Senate Special Committee on Aging Worries about Baby Boomers’ “Golden Years”

Yesterday, while the Senate as a whole was waiting out Senator Cruz during his negotiated “filibuster” to move forward the continuing resolution to fund the government past September 30th, the Senate Special Committee on Aging took a little more than an hour and half during the afternoon to reexamine the increasing concern among Baby Boomers that they won’t be able to retire at age 65, or if they do, not at the standard of living that they’ve grown accustomed to during their productive years.

Baby Boomers find themselves nearing the Social Security full-benefit retirement age much less financially prepared than they hoped they’d be. The percentage of Boomers carrying debt ages 51 to 62 has risen six percentage points to 70 percent since the early 1990s, and the average debt has risen four-fold to $28,300 — all while the changing landscape in company provided retirement benefits has left many unexpectedly working into years they’d previously set aside for leisure.

There was surprisingly little mention of the dire situation that the Social Security Trust Fund currently finds itself in, or that since the 1950s the average American worker is actually retiring earlier- now 62 years old compared to 68 y/old. Not to mention life-expectancy has risen from 72 y/old to early 80s for workers retiring now–meaning Baby Boomers are expecting to spend approximately a third of their adult life in retirement. Although the remedies offered up for securing Baby Boomers’ golden years were nothing new– greater financial literacy, mandatory life insurance plans, auto-enrollment in company sponsored savings plans, and modifications to Social Security– the discomfort in addressing our own notions of what retirement should be was obvious.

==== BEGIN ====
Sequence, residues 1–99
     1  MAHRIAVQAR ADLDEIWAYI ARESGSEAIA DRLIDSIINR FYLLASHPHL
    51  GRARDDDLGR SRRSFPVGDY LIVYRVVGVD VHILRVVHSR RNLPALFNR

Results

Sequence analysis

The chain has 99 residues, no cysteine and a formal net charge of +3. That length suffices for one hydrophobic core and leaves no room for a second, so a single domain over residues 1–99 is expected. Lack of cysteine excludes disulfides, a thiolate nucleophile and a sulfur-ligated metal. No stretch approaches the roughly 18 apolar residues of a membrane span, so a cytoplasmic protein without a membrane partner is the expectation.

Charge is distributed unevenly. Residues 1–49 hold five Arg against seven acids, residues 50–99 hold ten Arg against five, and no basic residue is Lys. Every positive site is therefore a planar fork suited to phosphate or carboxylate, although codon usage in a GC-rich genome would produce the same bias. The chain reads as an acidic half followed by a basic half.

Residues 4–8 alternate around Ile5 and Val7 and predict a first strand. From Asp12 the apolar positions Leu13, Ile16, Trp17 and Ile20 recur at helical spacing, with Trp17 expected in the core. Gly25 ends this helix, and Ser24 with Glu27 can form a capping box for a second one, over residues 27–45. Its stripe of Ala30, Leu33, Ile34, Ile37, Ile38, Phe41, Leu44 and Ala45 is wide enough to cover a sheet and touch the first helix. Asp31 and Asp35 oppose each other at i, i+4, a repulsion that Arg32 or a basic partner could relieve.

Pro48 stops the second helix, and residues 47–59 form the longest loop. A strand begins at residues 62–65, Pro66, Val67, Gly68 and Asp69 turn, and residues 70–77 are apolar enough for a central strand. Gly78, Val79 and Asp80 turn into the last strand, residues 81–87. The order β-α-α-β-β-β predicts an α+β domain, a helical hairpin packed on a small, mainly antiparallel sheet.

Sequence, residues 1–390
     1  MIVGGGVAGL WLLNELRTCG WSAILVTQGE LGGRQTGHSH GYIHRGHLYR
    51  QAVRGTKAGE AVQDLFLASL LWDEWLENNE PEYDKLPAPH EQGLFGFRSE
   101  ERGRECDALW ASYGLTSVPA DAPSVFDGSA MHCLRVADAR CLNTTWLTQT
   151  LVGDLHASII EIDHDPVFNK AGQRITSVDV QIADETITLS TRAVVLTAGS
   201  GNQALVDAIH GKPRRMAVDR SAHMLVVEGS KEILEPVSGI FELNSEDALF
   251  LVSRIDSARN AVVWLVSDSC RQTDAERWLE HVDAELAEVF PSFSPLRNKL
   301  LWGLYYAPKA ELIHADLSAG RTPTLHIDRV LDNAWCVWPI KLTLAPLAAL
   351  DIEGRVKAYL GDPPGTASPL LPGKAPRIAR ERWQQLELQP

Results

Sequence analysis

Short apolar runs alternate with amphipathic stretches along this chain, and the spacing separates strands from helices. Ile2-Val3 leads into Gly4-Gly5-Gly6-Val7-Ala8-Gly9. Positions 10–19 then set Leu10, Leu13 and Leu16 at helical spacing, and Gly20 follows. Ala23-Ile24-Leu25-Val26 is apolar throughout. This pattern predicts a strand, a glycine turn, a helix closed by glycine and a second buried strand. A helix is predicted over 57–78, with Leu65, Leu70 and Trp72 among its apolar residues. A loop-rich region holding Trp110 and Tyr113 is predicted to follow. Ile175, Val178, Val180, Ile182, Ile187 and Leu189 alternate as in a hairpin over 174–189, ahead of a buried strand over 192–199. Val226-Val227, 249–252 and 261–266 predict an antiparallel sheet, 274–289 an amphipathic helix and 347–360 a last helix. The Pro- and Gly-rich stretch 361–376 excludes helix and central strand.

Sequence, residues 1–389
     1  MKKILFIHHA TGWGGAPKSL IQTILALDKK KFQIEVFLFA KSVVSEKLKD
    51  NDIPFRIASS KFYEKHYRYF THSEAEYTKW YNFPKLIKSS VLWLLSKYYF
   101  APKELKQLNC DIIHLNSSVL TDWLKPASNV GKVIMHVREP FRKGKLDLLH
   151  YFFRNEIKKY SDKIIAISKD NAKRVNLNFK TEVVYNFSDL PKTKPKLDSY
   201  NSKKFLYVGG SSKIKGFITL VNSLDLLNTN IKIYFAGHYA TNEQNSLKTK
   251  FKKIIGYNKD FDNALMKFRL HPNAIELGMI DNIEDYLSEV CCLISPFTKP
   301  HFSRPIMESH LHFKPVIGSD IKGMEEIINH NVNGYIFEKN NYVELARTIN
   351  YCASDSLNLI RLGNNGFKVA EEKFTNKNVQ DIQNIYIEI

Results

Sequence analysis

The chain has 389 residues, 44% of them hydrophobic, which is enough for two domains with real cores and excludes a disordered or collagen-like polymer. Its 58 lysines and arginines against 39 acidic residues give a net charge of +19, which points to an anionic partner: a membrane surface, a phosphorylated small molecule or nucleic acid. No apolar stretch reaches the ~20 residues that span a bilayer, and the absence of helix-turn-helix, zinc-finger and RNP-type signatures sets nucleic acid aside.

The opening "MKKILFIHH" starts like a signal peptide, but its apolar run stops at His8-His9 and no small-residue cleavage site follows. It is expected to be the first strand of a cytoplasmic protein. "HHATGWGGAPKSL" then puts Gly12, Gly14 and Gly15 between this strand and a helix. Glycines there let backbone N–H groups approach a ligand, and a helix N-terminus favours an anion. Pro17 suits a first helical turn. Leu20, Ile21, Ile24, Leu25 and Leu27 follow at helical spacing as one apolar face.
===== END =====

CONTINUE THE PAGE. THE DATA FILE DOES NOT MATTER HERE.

“We’re coming to some tough conclusions here… Work longer is one conclusion. That certainly wasn’t the way it was in the previous generation,” said Chairman Bill Nelson, Senator from Florida.

It Simply Cannot Last

The recession decimated retirement savings, which led many to assume Boomers
would postpone retirement for a few extra years of income, savings, and
productivity. That assumption was wrong. In fact, the opposite appears to be true;
more Baby Boomers are retiring by the time they reach age 65, than were doing so
back in 2008. Not only was the assumption wrong, it was wrong in direction and
magnitude. The percentage of workers retiring by 65 skyrocketed in the past four
years from 19 to 45 percent. This means that more retirees are pulling benefits for a
longer period of time, albeit slightly lower benefits.

The expectation of retirement at 65 as an inalienable right will die with the Baby
Boomers— longevity for those who reach age 65 is increasing at a rate that cannot
be ignored. What is being ignored is the fact that Social Security’s impending
insolvency—spelled out in some detail in the most recent Social Security Trustees
–won’t take place until the Boomers are all safely guarded against
reasonable modifications benefits for the solvency of the program. Those benefits
will be paid for by the next generation or two while those workers will have to work
longer, pay more, and receive less in benefits no matter if the system experiences
substantive reform.

Stephen Marche draws the analogy of current entitlement policy to the Baby
Boomer generation cannibalizing their young. Beyond a fiscal responsibility issue,
entitlements are now an issue of generational injustice. Current generations have
been trying to claim a portion of the largesse of future economic growth for a while,
but the extent to which this is being done today threatens to diminish or even erase
future economic growth.